This morning I spoke on a Panel at the American Historical Association Conference about working in “alt-ac” (or more specifically, non tenure-track DH-related) career paths. In that panel I shared some of my own experiences with following a nontraditional career path that led to my working as an Administrator in Academic Technology for Chapman University. Additionally, I spoke about the training that I give to the graduate students in my “Intro to DH” course to prepare them for jobs outside of a traditional faculty position.
But there was one thing that I didn’t mention while I sat in that room, but that’s been on my mind ever since. And that is this: I am where I am because I liked to have fun and play on the internet. It is not because I ever followed anyone’s advice about what I “ought” to do.
The allure of the internet became apparent to me in 1996 when I was taking an undergrad class on feminist literature and I created a website called “The Bluestocking Bookshelf” that was a hyperlinked portal to the writings of my favorite female writers. Back then there were only a few dozen webpages devoted to the likes of Jane Austen and Emily Dickinson, and I aimed to create an well-curated list of them as a resource for myself and for my classmates. Of course there were very few of my colleagues who had an internet connection (and I had to print out a copy of the website for my teacher), but by then I was already hooked in by the rich possibilities of the online medium.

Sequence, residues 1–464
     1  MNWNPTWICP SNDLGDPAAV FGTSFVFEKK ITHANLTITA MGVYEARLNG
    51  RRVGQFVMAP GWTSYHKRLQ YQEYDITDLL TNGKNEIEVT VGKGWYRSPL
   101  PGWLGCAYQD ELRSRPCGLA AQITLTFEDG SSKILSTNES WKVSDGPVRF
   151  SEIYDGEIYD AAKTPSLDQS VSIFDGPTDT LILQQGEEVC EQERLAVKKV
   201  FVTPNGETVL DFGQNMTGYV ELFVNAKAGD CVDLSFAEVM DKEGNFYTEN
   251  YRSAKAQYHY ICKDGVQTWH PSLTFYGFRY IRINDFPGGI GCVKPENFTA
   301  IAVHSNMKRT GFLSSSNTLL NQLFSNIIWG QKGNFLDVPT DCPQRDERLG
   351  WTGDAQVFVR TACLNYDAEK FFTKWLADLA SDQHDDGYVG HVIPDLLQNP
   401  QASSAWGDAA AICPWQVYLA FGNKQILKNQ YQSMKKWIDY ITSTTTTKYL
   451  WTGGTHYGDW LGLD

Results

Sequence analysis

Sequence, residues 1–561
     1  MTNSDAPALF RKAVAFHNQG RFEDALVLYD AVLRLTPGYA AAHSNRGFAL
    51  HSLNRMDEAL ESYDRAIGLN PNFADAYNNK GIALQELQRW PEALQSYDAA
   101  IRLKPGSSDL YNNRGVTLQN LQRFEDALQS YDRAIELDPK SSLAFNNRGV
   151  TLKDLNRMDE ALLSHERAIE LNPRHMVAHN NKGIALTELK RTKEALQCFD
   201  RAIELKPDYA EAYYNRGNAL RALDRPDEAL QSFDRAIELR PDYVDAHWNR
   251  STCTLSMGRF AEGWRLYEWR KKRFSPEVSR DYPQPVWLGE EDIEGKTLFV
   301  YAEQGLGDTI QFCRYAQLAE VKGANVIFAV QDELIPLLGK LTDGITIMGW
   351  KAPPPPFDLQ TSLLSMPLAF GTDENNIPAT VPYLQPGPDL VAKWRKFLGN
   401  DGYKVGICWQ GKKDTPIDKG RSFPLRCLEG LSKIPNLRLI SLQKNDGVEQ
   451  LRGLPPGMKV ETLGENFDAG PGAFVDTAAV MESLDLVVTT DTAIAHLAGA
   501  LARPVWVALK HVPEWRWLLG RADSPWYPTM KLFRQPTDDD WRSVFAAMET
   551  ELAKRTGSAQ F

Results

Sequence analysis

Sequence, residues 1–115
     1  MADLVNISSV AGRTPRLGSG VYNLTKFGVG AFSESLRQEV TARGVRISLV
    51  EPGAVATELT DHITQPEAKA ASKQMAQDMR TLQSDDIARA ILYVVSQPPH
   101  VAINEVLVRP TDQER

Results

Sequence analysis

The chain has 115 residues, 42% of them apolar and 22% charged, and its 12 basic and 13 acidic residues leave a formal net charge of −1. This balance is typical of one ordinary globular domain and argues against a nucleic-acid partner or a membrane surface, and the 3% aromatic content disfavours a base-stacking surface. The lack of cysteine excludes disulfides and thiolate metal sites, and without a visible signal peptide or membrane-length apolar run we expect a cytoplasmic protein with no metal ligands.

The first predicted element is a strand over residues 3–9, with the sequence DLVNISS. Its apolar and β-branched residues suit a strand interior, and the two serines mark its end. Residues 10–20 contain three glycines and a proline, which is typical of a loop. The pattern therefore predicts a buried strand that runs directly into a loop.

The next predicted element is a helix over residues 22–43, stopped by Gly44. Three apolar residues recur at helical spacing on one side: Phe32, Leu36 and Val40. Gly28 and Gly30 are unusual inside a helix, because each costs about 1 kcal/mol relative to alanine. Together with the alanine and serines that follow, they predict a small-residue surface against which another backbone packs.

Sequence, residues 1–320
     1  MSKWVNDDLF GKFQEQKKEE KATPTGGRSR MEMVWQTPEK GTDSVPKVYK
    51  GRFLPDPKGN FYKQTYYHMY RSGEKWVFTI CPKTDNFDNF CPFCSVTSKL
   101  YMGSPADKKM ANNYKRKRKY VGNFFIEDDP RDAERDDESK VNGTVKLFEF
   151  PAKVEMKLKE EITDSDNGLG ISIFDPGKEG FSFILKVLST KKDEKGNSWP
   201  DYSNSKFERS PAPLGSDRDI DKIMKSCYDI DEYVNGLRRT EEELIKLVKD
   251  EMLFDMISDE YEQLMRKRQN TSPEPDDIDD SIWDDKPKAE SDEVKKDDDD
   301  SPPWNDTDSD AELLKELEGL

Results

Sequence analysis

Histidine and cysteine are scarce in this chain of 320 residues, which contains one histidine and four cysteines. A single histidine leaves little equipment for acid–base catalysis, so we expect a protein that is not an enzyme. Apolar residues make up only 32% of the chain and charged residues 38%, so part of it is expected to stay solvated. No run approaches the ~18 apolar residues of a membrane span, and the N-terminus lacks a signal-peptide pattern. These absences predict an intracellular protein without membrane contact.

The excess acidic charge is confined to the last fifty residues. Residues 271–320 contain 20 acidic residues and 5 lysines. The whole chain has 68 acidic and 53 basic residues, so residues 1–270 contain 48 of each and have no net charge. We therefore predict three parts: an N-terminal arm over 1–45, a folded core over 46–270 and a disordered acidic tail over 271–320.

In the intervening years rarely have I ever ventured into an online foray with the specific intention of increasing my employability, so it’s hard for me to advocate that graduate students and/or early-career scholars should follow my example. Instead, I think they should find that fun thing outside of their coursework that they love doing (whatever it is) and they should just do it. Even if it’s not yet clear how it will impact their career possibilities in the future.